Gustavo Matamoros

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Gustavo Matamoros
Gustavo Matamoros-web.jpg
Gustavo Matamoros, composer-sound artist
Background information
Born 1957 (age 59–60)
Origin Caracas, Venezuela
Genres experimental music, sound art
Occupation(s) Composer, Sound Artist, Professor
Instruments musical saw
Website subtropics.org/gustavomatamoros

Gustavo Matamoros (b. Caracas, 1957) is a Venezuelan composer, interdisciplinary artist, community organizer and educator who has established his residence in Miami, Florida, US, since 1979.[1][2]

Biography[edit]

Gustavo Matamoros studied at the University of Miami from 1979 to 1983. He has taught critical and creative listening at the Design and Architecture Senior High School (DASH) and at the Miami International University of Art and Design. Matamoros has also offered periodical lectures about his work with sound.[2][3]

Cultural organizations[edit]

In 1985, Gustavo Matamoros was one of the founders of the South Florida Composers Alliance, a Miami-based organization. Some year later he also participated in the foundation of the Subtropics Experimental Music and Sound Arts Festival, which was created (according to art critic Lysa Oberkreser) “in order to expose Miami to a new music and the fine art of sound.”[4] Since their inception, Matamoros has been the artistic director of both the SFCA Subtropics Festival and the Interdisciplinary Sound Arts Workshop (iSaw).[5] During the 1990s Gustavo Matamoros also co-founded PUNTO Experimental Music Ensemble together with Cuban composer Armando Rodriguez Ruidiaz.[6]

Work[edit]

Gustavo Matamoros catalog of compositions includes numerous pieces for solo electroacoustic media or electroacoustics combined with traditional instruments. It also includes a wide variety of works based on contemporary and experimental techniques such as mixed media, installations, sound portraits, radiophony, text and video.[7] He has composed a series of “Retratos” (Portraits) based on sound materials produced by the subjects portrayed on the pieces. Venezuelan composers Marianela Arocha and Adina Izarra have referred to those pieces as follows: “From the 90’s onward many forms of mix repertoire are present, also more research and improvising can be seen among the (Venezuelan) composers. Like in Gustavo Matamoros “Retratos” where each performer chooses its own material which the composer transforms on tape and sets for the interaction in concert. The composer himself speaks of gesture and morphology: all sounds are possible and allowed; all of them make sense within different contexts”.[8] Some of the subjects for those “Portraits” are: guitarist and composer Flores Chaviano, oboist and composer Joseph Celli, poet Bob Gregory, double-bassist Luis Gómez Imbert and composer Ricardo Dal Farra.[9]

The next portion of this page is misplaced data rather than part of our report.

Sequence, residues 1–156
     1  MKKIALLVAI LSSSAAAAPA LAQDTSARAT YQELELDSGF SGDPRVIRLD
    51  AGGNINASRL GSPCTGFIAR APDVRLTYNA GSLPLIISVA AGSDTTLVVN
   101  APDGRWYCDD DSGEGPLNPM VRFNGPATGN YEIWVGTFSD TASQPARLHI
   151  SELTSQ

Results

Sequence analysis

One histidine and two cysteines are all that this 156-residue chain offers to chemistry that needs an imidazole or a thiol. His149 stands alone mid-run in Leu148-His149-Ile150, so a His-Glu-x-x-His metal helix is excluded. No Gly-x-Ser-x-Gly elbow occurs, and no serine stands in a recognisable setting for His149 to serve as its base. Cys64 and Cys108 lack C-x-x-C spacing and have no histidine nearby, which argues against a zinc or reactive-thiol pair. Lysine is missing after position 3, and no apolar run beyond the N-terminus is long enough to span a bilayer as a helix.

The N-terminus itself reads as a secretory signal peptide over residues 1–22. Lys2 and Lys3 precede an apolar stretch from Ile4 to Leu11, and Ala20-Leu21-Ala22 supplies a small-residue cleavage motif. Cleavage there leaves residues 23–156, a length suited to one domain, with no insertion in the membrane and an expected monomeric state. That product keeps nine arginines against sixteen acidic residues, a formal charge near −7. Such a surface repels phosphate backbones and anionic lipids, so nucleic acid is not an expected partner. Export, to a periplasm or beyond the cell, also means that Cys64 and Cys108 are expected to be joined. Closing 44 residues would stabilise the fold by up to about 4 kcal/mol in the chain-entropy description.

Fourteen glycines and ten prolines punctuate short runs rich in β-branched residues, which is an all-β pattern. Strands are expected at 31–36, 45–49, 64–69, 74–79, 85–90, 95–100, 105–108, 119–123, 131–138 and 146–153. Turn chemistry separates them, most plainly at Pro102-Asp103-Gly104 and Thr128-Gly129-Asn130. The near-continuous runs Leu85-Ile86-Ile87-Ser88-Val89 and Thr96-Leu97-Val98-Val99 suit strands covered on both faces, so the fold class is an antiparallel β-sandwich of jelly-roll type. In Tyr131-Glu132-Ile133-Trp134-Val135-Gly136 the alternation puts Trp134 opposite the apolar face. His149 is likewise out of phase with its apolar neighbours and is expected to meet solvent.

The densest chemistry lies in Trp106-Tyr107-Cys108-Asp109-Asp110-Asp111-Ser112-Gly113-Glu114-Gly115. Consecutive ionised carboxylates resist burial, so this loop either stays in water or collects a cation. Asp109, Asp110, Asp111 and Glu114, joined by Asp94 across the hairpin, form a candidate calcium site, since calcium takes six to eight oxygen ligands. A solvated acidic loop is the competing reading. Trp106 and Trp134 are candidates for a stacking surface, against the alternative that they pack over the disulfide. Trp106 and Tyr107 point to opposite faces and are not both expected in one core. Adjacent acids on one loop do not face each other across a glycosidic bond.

Gustavo Matamoros has studied and explored the sound characteristics of an uncommon musical instrument, the musical saw. He has composed many pieces based on the utilization of this instrument and has also utilized other instruments of his own creation on his pieces. Matamoros organized a musical saw quartet called SEE that included the following performers: Ryan Agnew, Ulrike Heydenreich and Stephanie Lie. They offered their first performance during an ACA residency with Robert Ashley at Smyrna Beach.[7]

Gustavo Matamoro’s music has been presented at numerous cultural events in the US, Latin America and Europe. He has co-directed the WORD(S) SOUND Festival in São Paulo, Brazil and is the producer of FISHTANK a radio journal of new and experimental music broadcast by WLRN in Miami.[6] He has collaborated with a long list of prominent artists such as: Davey and Jan Williams, Fred Longberg-Holm, Dinorah Rodríguez, Helena Thevenot, Lou Mallozzi, Charles Recher, David Manson, Shahreyar Ataie, Jacqueline Humbert, Malcolm Goldstein, Russell Frehling, Alison Knowles, David Dunn and Rene Barge.[3][7]

Grants, commissions and awards[edit]

Gustavo Matamoros received two Musical Composition National Prizes in his native country, Venezuela. In the US, he has received multiple grants and commissions from art, music, media, visual and theater organizations, as well as government organizations such as the Florida’s Art in State Buildings and the Florida Consortium's 2000-Visual and Media Arts Fellowship.[3][7]

See also[edit]

References[edit]

External links[edit]

Subtropics.org. http://subtropics.org/zen/index.php?main_page=about_us